It’s paycheque to pension, as Hong Kong millennials plan ahead sooner than Asian peers
81 per cent of Hongkongers aged between 25 to 35 have already begun retirement planning, shows latest BlackRock study
Many see Hong Kong millennials as living from paycheque to paycheque and not committing to a long-term plan – but they actually lead their Asian peers in retirement planning, according to new research from BlackRock, the world’s biggest asset manager.
Four out of five Hong Kong millennials (aged between 25 to 35) have already started preparing for retirement, the highest ratio across Asia-Pacific, with a majority of them betting their financial future on buying stocks, the study shows.
The young Hongkongers’ high proclivity for retirement savings is against the backdrop of notoriously high living costs in the city and escalating global economic uncertainties, noted the report, which polled 28,000 investors across the world.
“These findings are contrary to the common view that the city’s millennials would rather splurge on holidays and nice food than save for their long-term future,” said Julia Lee, BlackRock’s head of Hong Kong retail business.
The study found that 81 per cent of Hongkongers aged between 25 to 35 said they had already begun retirement planning, compared with 69 per cent for their Asia-Pacific peers.
They are also much more likely to take risks, with more than two thirds pouring money into equities in their investment portfolios, whereas only 42 per cent of their regional counterparts would do the same.
Hong Kong runs a Mandatory Provident Fund (the MPF), a compulsory pension fund for residents with employees and employers required to contribute monthly.
“The MPF scheme is good, while we also see local people’s need to achieve good returns from their personal financial investments,” Damien Mooney, BlackRock’s head of retail business for Asia-Pacific, said.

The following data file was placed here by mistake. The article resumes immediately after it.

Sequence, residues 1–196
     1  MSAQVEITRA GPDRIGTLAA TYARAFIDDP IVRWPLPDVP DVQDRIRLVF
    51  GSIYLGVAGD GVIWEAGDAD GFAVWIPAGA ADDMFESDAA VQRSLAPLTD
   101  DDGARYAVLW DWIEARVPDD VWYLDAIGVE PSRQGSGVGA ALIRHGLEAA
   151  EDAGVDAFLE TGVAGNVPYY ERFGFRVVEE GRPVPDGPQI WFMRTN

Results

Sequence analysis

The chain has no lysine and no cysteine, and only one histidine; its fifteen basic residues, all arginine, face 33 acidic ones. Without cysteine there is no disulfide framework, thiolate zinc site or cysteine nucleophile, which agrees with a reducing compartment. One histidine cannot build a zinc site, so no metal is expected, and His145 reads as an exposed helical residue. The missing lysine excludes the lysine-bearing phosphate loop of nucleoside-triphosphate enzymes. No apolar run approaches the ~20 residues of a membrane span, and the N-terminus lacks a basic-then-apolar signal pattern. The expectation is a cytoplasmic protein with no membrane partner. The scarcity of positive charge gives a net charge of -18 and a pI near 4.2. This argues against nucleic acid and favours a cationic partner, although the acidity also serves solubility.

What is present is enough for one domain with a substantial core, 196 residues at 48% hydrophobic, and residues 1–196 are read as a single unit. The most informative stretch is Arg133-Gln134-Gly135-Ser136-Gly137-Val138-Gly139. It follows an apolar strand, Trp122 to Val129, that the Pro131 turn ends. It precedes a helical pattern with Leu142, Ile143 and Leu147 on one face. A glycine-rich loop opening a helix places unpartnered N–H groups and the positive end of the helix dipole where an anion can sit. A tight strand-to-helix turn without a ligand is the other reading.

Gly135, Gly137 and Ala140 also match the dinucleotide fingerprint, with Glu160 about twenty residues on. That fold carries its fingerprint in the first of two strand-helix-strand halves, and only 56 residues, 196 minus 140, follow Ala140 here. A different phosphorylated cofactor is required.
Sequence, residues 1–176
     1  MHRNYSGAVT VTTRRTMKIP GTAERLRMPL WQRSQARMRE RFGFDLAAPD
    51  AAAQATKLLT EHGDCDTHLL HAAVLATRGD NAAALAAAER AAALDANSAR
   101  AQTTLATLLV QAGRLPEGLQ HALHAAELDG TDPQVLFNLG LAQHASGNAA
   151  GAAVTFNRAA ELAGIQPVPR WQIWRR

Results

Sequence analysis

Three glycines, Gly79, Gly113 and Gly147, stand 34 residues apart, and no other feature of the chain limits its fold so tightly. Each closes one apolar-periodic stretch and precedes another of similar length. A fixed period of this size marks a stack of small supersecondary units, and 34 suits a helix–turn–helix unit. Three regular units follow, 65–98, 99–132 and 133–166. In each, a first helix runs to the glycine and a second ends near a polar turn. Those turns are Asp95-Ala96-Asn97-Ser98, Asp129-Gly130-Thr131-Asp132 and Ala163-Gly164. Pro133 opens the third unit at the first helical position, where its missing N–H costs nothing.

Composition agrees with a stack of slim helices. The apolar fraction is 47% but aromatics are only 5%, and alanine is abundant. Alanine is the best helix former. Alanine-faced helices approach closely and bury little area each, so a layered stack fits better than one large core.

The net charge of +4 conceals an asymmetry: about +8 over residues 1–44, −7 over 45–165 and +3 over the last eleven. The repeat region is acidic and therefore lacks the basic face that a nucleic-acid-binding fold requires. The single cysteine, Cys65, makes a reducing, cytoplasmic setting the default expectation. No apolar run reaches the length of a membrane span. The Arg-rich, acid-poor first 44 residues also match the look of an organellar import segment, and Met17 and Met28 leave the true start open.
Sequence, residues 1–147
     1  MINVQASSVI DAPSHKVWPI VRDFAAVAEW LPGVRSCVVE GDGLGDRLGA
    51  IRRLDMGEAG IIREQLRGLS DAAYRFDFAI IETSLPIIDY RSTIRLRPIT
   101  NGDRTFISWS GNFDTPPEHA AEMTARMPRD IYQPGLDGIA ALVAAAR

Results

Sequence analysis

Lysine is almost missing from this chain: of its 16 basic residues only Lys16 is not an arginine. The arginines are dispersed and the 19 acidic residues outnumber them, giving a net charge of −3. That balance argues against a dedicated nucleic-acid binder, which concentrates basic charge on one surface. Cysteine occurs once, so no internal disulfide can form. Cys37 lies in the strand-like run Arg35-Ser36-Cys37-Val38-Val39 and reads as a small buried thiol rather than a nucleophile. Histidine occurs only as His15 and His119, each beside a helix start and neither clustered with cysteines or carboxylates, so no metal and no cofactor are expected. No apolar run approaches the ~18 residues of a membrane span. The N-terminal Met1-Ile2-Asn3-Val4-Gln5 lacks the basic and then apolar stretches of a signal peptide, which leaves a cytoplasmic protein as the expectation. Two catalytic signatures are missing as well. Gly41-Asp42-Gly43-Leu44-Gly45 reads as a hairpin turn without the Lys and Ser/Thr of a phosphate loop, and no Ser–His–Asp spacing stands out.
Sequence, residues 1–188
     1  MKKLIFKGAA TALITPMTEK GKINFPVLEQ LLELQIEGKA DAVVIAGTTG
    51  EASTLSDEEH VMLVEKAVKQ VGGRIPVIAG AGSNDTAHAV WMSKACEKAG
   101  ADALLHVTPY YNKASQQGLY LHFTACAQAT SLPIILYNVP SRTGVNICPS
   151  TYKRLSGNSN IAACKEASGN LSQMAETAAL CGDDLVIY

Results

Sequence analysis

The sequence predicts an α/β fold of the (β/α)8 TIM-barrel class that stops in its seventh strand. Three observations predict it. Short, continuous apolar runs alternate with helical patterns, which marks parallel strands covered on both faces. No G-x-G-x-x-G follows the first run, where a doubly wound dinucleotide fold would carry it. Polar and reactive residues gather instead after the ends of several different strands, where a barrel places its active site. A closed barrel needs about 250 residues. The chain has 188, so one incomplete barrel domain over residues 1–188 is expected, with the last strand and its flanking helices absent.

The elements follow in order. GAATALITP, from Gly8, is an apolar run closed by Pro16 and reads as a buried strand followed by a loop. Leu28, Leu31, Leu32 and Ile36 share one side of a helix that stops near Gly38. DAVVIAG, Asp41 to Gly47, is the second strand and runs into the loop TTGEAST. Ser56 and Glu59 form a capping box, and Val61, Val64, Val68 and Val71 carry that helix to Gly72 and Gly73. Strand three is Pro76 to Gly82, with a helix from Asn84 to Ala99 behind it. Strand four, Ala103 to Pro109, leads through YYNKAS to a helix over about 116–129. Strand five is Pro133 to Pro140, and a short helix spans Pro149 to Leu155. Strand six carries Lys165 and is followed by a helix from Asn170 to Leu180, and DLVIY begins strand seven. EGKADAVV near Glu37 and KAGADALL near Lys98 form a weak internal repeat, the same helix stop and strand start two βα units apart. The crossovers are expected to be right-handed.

Hongkongers have the world’s longest life expectancy, thanks to low smoking rates, with the average lifespan for women 87 years, and men 81 years, according to data released by Japan’s health and welfare ministry.
The average retirement age is 58, meaning residents can be faced with over two decades relying on their savings, in what consistently ranks as one of the world’s most expensive cities to live.
The BlackRock figures showed 86 per cent of Hong Kong investors, aged between 26-74, had managed to set money aside for retirement, and more are reducing their exposure to cash in the low interest rate environment. In spite of their high awareness, fewer than a half said they were confident in achieving their expected retirement income.
The MPF delivered its best first-quarter results this year since 2013 with an average gain of 5.89 per cent, but it still lost out to pure stock market investment. For the same period, Hong Kong’s benchmark Hang Seng Index rose 10 per cent.
That might help to explain why 49 per cent of Hong Kong investors polled by BlackRock said they preferred to buy dividend-bearing stocks, the most favourable asset class over real estate, government bonds and funds.
When making investment decisions, the majority still rely on advice from online sources, including social media and websites of brokers and asset managers, instead of professional financial advisors that usually come with much higher charges.